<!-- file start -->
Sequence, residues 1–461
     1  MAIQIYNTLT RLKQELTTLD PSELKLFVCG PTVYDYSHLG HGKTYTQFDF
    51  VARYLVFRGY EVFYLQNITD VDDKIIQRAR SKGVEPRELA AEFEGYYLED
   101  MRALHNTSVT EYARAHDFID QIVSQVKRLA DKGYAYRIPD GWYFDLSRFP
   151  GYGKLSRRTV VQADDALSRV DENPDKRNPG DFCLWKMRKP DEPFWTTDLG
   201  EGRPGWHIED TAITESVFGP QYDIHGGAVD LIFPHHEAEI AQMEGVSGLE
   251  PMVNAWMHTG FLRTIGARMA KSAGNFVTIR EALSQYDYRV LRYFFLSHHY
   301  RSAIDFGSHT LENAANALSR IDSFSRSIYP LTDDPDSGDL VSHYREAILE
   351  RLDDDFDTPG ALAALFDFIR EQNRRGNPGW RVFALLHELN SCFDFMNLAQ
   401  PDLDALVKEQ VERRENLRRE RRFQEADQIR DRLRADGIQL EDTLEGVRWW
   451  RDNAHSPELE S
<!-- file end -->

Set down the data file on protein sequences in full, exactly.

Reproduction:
Sequence, residues 1–461
     1  MAIQIYNTLT RLKQELTTLD PSELKLFVCG PTVYDYSHLG HGKTYTQFDF
    51  VARYLVFRGY EVFYLQNITD VDDKIIQRAR SKGVEPRELA AEFEGYYLED
   101  MRALHNTSVT EYARAHDFID QIVSQVKRLA DKGYAYRIPD GWYFDLSRFP
   151  GYGKLSRRTV VQADDALSRV DENPDKRNPG DFCLWKMRKP DEPFWTTDLG
   201  EGRPGWHIED TAITESVFGP QYDIHGGAVD LIFPHHEAEI AQMEGVSGLE
   251  PMVNAWMHTG FLRTIGARMA KSAGNFVTIR EALSQYDYRV LRYFFLSHHY
   301  RSAIDFGSHT LENAANALSR IDSFSRSIYP LTDDPDSGDL VSHYREAILE
   351  RLDDDFDTPG ALAALFDFIR EQNRRGNPGW RVFALLHELN SCFDFMNLAQ
   401  PDLDALVKEQ VERRENLRRE RRFQEADQIR DRLRADGIQL EDTLEGVRWW
   451  RDNAHSPELE S